10 Answers | Add Yours
There are a couple of ironic points to this story. First of all, the title is a pun. A lamb to the slaughter usually refers to someone who is unaware they are about to be harmed, since lambs are easily led to their slaughter since they trust the one leading them and they are unaware of what is to become of them.
In this story, the husband, Patrick Maloney, is killed like a lamb, totally trusts his wife Mary and is completely unaware of his impending doom, but the title is also ironic because it is actually a frozen leg of lamb that is used to slaughter the hapless victim.
The final irony is dramatic irony, because the reader knows that the leg of lamb was used as a murder weapon, but the police unwittingly eat the evidence when the killer serves the roast leg of lamb to them.
One example of verbal irony in the story occurs just before Mary learns that Patrick is leaving her. When discussing dinner options, she says, "There’s plenty of meat and stuff in the freezer, and you can have it right here and not even move out of the chair." Looking back, this is ironic because Mary does in fact bring the leg of lamb into the living room. Patrick "has" the lamb, but certainly not in the same way that Mary intended when she said this to him earlier in the story.
Another example of verbal irony occurs later in the story after Patrick is already dead. Mary has put on a little show for the grocer and she goes back into the house and calls to her husband, "How are you, darling?" She obviously knows that he is dead, so her asking how he is doing is quite ironic.
Dramatic irony occurs when the audience has knowledge of something that some or all of the characters do not, and because of that words or actions have a different meaning. In "Lamb to the Slaughter" the reader knows that Mary Maloney, having been told by her policeman husband that he is leaving her, has killed him with a frozen leg of lamb. The dramatic irony occurs when she cooks the lamb and serves it to the men investigating her husband's death while they speculate about what the murder weapon might have been and where is could be. In fact, one of them remarks the evidence they are seeking is probably "right under their noses." The reader knows they are eating the very weapon they are seeking! That is dramatic irony.
Situational irony occurs when something that happens is the opposite of what we would normally expect to happen or find appropriate. Certainly, the major piece of situational irony is found when Mary Maloney, who Dahl goes to great lengths to depict as a loving wife who is devoted to her husband, in a moment of madness, kills him. Consider how she is introduced:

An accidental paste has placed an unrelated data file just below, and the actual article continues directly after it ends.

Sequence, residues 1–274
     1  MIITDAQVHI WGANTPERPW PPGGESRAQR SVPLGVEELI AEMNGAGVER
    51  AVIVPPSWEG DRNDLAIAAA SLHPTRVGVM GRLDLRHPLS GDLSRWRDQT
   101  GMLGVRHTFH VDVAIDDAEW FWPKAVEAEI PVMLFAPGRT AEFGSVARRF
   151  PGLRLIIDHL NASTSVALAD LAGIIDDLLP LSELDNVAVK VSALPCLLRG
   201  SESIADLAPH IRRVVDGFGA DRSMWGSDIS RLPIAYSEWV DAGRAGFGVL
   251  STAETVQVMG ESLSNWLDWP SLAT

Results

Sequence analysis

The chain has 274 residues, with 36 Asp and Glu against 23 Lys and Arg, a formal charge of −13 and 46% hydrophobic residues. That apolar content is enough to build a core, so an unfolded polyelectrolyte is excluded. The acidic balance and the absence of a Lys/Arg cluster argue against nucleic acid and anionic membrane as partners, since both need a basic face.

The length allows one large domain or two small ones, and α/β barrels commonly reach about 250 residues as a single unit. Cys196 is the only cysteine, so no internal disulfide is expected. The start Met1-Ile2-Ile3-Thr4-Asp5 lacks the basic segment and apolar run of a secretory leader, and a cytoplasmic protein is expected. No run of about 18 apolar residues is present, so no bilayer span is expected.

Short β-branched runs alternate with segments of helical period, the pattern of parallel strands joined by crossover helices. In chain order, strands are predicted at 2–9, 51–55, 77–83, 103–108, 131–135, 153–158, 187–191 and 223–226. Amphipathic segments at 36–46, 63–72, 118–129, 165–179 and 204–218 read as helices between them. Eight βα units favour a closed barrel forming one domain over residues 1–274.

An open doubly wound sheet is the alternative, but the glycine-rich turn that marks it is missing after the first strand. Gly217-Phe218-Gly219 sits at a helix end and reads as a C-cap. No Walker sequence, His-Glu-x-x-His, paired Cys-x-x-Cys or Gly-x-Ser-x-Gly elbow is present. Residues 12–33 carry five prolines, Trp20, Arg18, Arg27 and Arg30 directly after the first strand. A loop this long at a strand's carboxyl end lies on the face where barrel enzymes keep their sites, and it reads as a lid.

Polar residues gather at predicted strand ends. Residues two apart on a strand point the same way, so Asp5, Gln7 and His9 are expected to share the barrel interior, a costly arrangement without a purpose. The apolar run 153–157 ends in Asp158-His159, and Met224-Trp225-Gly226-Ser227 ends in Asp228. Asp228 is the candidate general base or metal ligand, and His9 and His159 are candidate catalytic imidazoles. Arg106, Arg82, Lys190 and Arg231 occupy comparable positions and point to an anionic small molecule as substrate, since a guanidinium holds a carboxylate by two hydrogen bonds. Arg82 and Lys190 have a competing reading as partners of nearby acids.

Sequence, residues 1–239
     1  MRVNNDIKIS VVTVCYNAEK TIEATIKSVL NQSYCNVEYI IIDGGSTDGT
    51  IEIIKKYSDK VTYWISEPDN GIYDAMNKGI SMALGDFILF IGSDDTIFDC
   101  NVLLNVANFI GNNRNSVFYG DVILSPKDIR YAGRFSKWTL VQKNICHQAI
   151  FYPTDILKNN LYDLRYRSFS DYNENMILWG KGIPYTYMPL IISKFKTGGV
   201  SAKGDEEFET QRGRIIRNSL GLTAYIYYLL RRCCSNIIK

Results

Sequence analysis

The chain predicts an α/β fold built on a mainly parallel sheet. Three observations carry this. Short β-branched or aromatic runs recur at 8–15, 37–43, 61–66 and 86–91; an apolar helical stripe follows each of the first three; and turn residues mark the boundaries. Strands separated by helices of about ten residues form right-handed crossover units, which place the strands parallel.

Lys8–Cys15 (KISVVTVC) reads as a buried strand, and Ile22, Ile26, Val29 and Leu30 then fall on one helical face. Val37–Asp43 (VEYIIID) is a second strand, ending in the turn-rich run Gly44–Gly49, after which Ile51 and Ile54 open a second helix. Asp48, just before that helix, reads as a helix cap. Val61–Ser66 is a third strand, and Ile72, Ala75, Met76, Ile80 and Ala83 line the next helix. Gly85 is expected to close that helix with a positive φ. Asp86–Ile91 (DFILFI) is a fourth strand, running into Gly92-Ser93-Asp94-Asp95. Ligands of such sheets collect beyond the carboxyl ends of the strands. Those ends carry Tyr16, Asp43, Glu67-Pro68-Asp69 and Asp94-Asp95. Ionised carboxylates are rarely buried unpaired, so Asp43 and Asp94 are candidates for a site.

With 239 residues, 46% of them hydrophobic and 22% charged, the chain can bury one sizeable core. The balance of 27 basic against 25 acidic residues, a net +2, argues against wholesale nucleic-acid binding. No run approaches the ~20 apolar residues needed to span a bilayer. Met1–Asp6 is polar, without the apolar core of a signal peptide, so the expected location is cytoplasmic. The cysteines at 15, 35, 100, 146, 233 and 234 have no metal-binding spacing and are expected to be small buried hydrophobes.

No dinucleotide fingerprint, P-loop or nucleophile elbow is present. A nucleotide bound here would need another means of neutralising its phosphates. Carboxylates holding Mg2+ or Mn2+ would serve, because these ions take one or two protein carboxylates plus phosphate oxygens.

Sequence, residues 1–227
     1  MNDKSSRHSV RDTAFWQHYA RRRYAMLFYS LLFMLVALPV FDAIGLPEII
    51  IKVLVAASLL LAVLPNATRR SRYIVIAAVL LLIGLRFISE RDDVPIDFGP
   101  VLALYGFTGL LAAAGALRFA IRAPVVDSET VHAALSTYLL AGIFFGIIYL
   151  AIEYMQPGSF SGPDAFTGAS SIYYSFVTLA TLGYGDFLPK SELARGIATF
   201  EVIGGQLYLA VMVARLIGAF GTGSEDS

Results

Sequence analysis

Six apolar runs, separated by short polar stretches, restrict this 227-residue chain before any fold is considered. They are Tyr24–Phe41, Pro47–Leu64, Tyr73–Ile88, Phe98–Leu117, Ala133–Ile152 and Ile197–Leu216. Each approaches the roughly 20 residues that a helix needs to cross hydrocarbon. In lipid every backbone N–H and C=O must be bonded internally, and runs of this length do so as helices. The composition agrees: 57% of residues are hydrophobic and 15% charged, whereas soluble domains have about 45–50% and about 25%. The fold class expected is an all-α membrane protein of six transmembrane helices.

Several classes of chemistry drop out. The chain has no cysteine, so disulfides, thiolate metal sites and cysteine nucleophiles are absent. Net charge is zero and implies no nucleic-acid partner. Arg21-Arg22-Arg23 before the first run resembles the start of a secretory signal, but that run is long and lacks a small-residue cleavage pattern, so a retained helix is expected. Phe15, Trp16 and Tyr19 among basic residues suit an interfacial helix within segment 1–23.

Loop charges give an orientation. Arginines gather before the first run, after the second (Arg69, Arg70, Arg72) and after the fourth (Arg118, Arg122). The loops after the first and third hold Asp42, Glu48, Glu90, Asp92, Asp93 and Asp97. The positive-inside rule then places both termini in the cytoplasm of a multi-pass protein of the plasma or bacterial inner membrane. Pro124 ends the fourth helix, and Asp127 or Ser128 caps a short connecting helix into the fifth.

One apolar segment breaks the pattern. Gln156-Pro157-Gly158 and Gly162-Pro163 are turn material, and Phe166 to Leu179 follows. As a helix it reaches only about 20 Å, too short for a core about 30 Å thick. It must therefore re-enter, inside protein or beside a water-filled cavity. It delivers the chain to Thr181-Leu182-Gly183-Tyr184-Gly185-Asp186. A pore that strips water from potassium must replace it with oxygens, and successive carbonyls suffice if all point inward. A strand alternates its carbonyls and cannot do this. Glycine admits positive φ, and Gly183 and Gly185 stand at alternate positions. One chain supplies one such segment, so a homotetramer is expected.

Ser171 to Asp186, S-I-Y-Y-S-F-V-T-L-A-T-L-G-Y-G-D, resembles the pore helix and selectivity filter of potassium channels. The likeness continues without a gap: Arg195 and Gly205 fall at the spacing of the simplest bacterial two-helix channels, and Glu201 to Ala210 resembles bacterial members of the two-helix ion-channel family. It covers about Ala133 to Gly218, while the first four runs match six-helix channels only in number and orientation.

For her, this was always a blissful time of day... She loved to luxuriate in the presence of this man, and to feel - almost as a sunbather feels the sun - that warm male glow that came out of him to her when they were alone together.
Mary Maloney is presented as being so obsessed with her husband that nothing is too much to ensure his comfort and happiness. Then it is a complete shock to us as readers when she kills him with the frozen leg of lamb:
At that point, Mary Maloney simply walked up behind him and without any pause she swung the big frozen leg of lamb high in the air and brought it down as hard as she could on the back of his head.
This action is completely the opposite of what we would expect a character like Mary to be able to do. The second piece of situational irony comes when she manages to very coolly and in a calculating fashion organise an alibi and the removal of the murder weapon. Consider the last line, where Mary celebrates the success of her plan:
And in the other room, Mary Maloney began to giggle.
Again, this criminal behaviour and outwitting of the policemen is not the kind of activity we would expect to see from a devoted housewife. Both of these incidents serve to shock us in the story through the use of situational irony.
Another example is the very last line of dialogue in the story. The officers are consuming the leg of lamp and discussing the murder while, obviously, digesting the murder weapon. Then one officer states that the weapon is "probably right under our very noses." And, of course, it is.
- Verbal irony, dramatic irony, and situational irony are used in this story.
One of the most important examples of irony in 'lamb to the slaughter' is when the detectives are eating the leg of lamb and say, "its probably right under our noses". This is an example of dramatic irony because you know the weapon they're looking for is literaly under their noses.
The irony is in life and in this story is there are many innocent who are led by individuals to harm unknowingly, some continue to be led by the same person, and then by others. It seems lambs or trusting, gullable people make easy targets, over and over again
Patrick Maloney is the very trusting individual that is killed like a lamb, he absolutely trusts his wife Mary and never would think of her as causing him harm. The other ironic thing that happens is the frozen leg of lamb is the murder weapon used to kill Patrick. Then the leg of lamb, the very evidence and murder weapon is eaten by the police.
When Mary went to the grocery store and came back and asked her husband if he was o.k knowing that he was already dead.
The dramatic irony in the story is when the cops cannot find any weapon and one of the cops says, "Weapon might be right under our nose", because it really is, it's the lamb they are eating.
We’ve answered 301,781 questions. We can answer yours, too.Ask a question